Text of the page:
Sisters of Charity Hospital in Buffalo — part of the Catholic Health system — threw a wellness fair Tuesday for National Nurses Week.
- Nurses being recognized this week for their bedside care and compassion
- Those Spectrum News spoke with say safe staffing is a major challenge
- Bill that would require a more manageable nurse-to-patient ratio sits in the Senate, Assembly
"To thank our nurses, and to celebrate them and to recognize them. They work 12-hour shifts for the most part, and that can be exhausting mentally and physically by the end of that 12 hours,” said Mary Dillon, Sister of Charity Hospital chief nursing officer.
Trevor Moore, of Allegany has been a nurse for 11 years and spent the last few at Olean General Hospital, affiliated with Kaleida Health.
"It's like breathing, you just do it. You go to work, you do your job. You do the best that you can to make sure these patients get the care they need,” said Moore.
Cori Gambini, veteran nurse of 34 years who works at Millard Fillmore Suburban Hospital — part of Kaleida — says one of those challenges is safe staffing.
She also heads the Communications Workers of America, Local Union 1168 and says there are not enough bedside nurses to handle the large volume of patients.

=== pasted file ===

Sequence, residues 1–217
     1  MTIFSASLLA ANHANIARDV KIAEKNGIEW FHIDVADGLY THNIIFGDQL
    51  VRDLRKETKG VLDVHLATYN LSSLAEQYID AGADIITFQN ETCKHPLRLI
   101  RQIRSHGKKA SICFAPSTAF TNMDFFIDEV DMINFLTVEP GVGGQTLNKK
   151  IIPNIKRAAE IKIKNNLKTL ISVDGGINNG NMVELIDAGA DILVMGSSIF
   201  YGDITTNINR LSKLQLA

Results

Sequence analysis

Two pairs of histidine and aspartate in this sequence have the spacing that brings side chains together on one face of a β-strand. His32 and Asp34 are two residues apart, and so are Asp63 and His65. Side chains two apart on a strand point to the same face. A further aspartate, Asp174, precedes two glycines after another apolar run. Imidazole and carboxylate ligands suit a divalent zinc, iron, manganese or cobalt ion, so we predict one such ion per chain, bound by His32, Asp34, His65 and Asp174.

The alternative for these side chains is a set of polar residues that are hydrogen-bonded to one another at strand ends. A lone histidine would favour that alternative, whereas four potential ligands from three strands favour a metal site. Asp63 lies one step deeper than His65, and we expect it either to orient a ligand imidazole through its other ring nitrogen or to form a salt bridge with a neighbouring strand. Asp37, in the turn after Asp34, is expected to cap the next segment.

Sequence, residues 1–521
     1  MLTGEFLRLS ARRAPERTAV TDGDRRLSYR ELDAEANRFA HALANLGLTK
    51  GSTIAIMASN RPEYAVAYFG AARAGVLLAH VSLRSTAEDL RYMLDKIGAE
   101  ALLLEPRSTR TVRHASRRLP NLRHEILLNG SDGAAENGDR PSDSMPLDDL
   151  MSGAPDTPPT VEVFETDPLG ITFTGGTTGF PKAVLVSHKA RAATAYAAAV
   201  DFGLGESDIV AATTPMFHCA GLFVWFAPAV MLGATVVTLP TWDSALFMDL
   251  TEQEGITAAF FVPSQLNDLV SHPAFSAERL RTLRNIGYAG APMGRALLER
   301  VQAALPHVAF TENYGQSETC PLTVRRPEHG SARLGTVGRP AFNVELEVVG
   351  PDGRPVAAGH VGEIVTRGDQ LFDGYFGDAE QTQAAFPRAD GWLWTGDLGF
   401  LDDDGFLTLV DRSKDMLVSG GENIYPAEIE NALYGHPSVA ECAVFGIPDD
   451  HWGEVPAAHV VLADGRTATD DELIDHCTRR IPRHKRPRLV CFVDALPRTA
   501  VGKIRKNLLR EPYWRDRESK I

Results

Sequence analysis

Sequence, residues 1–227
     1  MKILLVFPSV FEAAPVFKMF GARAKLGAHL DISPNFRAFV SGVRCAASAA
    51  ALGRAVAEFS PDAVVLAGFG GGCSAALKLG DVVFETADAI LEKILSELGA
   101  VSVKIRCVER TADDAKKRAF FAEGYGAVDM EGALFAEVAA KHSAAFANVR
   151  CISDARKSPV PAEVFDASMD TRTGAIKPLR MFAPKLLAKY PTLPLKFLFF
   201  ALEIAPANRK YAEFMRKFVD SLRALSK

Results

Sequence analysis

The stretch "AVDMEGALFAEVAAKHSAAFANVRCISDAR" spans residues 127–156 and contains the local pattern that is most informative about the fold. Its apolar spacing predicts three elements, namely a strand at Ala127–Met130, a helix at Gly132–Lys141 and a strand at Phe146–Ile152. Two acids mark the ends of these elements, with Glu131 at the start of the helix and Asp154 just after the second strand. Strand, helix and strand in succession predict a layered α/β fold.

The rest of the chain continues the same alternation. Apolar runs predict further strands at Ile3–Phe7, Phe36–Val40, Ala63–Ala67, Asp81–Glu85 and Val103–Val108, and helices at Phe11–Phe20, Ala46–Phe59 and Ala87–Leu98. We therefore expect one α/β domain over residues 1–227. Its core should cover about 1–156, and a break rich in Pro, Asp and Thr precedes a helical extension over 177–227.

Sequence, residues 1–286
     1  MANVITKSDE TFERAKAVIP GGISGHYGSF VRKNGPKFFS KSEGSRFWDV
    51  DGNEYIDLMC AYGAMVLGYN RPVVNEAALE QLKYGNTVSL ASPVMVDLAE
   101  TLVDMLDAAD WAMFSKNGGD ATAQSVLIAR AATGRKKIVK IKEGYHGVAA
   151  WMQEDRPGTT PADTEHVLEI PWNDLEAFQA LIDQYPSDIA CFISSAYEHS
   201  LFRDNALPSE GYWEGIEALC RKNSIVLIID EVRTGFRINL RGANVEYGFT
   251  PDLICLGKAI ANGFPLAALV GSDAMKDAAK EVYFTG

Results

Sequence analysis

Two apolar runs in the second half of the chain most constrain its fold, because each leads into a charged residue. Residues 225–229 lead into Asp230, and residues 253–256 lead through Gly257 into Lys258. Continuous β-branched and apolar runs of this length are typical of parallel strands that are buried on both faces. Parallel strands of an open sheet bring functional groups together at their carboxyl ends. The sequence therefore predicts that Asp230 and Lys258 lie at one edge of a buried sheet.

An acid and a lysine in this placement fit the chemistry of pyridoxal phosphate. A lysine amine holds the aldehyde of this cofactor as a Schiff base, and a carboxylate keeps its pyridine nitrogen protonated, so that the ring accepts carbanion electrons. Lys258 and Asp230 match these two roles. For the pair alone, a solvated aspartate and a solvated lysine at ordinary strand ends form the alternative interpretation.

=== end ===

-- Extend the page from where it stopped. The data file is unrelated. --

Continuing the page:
"It's absolutely dangerous for the patient. But we absolutely need more people at the bedside. When you have too many patients to care for, you are not in the room to see the patient frequently enough. So that's when falls happen, medication errors happen,” said Gambini.
While Gambini admits hiring more nurses is expensive, the move would lessen a patient's stay, stabilize the workforce and lower operating costs.
Moore says he alerts OGH management when assignment levels are unsafe, and urges the administration to follow contract rules to prevent bad situations from becoming worse.
"These are people's lives that we are in charge of. And it's a serious thing I don't think administration fully understands, because we're the front line, we're the ones dealing with it,” said Moore.
Dillon says even when occasionally short-staffed, Catholic Health continues to address the issue based on the number of patients and the severity of their illness.
"Somebody calls in and we don't have a replacement, but for the most part, overall, our plans call for safe staffing,” said Dillon.
Despite the challenges, Gambini and Moore say making a difference in people's lives is most rewarding.
"We bring babies into the world and we're there when someone takes their last breath," said Gambini.
"Where you've saved their life, or even just sitting at the bedside holding their hand while they are crying to you, and you can make them smile," said Moore.
The Safe Staffing for Quality Care Act that would require a more manageable nurse-to-patient ratio currently sits in committee of both the state Senate and Assembly.